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Saturday, February 27, 2016

Straight Outta Compton

As regular readers know, I do not get hip-hop. It may be cultural, or it may just be that I love a melody, and much of hip-hop is only rhythm, with no melodic qualities. I don't listen to rap or hip-hop, and therefore I skipped Straight Outta Compton when it played in theaters. It picked up an Oscar nomination for Best Original Screenplay (the Oscar nominations it did not get were news) so I checked it out last night.

It's a decent film, but what it reminds me is that no matter what the genre, music biopics all have the same template--young kids come together, inspired by the music; they hit it big; they have internal struggles, either with money or women; they break apart; there is some sort of tragedy; and then, renewal.

So goes Straight Outta Compton, which is about gangsta rap, but is also a very familiar tale. The script focuses mostly on three members of the group N.W.A. (Niggas with Attitudes): Eazy-E, a drug dealer who has the money to finance the pressing of a record; Ice Cube, a gifted lyricist; and Dr. Dre, who is the musical genius. Also in the group are MC Ren and DJ Yella, but they don't get story arcs. One founding member, Arabian Prince, is written out all together.

All of them come from Compton, California, a ghetto were there isn't much hope for the young, and where  young black men are automatically viewed as suspects by the police (something that hasn't changed in the thirty years that has passed). They cut their first record, "Boyz 'n the Hood," and it gets the attention of Jerry Heller (Paul Giamatti), who wants to represent them. He does business with Eazy-E, who trusts him, and this becomes a bone of contention, particularly with Ice Cube, who feels he isn't getting his money. It's another familiar thing in these movies, especially when they are about people of color, that some white guy is the impetus behind their success.

They hit it big, and after being hassled by police (including one black officer) while they are recording in Torrance, Ice Cube writes "Fuck tha Police," which causes all sorts of controversy. They even get a letter from the FBI telling them to cool it. This culminates in an arrest in Detroit for playing the song live, but since there is nothing more about it I assume it was thrown out in court, which it should have been.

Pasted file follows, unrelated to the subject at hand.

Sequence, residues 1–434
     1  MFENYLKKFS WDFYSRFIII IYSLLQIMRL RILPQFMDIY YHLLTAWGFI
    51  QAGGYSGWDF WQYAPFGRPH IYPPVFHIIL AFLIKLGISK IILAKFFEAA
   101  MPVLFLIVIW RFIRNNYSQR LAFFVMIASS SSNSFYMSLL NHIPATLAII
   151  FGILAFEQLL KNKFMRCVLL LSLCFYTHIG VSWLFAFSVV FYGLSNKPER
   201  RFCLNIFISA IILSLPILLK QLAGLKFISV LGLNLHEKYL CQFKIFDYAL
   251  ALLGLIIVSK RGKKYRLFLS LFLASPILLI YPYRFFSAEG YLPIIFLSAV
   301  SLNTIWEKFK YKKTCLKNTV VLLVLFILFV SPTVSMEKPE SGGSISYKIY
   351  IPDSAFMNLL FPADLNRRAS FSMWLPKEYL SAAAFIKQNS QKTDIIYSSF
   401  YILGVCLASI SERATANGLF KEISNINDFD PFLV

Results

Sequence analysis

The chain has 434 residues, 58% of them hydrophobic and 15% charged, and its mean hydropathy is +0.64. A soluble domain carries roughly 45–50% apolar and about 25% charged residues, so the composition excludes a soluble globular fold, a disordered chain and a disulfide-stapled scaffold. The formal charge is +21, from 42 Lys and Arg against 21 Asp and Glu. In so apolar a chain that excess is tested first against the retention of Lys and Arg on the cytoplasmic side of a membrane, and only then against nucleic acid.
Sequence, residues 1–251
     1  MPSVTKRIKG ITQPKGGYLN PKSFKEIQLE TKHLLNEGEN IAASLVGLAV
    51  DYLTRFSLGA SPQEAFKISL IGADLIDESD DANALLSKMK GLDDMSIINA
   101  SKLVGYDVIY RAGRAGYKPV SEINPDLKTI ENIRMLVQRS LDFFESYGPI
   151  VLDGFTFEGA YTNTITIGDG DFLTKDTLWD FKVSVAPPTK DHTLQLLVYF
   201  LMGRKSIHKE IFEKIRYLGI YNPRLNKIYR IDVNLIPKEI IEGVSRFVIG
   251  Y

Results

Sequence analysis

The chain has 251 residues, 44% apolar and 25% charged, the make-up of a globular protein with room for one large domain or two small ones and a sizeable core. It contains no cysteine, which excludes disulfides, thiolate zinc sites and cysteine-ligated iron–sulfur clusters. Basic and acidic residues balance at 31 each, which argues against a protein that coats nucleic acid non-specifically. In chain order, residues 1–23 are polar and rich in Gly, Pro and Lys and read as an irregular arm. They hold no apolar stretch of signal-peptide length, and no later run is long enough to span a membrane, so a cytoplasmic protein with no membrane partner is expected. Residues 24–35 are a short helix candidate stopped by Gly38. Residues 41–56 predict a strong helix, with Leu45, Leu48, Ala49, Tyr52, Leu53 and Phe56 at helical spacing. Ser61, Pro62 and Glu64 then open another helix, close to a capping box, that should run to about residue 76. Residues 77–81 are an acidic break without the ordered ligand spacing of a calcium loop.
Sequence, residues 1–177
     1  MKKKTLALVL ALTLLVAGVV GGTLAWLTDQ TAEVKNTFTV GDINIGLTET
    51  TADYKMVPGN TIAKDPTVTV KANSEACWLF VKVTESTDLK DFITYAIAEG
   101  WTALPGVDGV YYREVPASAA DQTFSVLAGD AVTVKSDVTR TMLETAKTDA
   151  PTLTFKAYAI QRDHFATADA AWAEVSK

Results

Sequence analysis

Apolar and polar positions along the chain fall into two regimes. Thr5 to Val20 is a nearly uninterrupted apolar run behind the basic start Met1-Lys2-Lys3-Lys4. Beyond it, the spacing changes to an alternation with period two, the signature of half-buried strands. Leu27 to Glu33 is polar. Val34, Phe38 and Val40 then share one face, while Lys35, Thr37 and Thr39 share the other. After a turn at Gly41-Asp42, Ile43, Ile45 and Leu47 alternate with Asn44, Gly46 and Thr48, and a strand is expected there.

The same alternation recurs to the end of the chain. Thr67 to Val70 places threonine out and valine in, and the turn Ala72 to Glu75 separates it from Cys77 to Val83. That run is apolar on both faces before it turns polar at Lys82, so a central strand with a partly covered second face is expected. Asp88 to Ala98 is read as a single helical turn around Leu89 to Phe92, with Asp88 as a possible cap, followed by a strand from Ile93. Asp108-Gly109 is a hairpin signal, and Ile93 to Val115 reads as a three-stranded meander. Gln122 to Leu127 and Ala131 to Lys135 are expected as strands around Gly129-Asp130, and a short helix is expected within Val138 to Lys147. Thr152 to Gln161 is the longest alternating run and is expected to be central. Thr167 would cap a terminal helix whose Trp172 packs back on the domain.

Soon Ice Cube realizes he's not getting the attention he deserves and goes solo. A bodyguard, Suge Knight, worms his way in and gets Dr. Dre's ear, and they form a new company. Knight, though, is a menace, given to beating people for parking in his space. Dre sees this and has his doubts. E is shown by his girlfriend that Heller has been cheating them all, and fires him. But a persistent cough (like something out of Camille) is finally revealed as AIDS, which E died of at the age of 31.

This makes for a good story, though it's hard to know what's true. Heller, for his part, doesn't like it. It was produced by Ice Cube and Eazy-E's wife, so I'm sure that's why they are the prominently featured. It also makes for a good history of the genre, as we see a young Snoop Dogg and Tupac Shakur, who were nurtured by the members of N.W.A.

The acting is very good, especially Jason Mitchell as E and Corey Hawkins as Dr. Dre. Ice Cube's son, O'Shea Jackson Jr., is also terrific, as well as looking just like his father. Giamatti, an acquired taste who can chew scenery, keeps it mostly together.

Some of the things overlooked in the film are Dr. Dre's treatment of women (he had a problem of beating them). The rap world is one that tends toward misogyny, and we see a lot of orgies, with women used as adornments. Women rap artists are not shown at all. It's an issue that perhaps needed addressing.

I kind of liked a few of the songs N.W.A. did, but I'm not ready to call myself a fan. The film does them justice as the innovators they were, even if it isn't terribly original.

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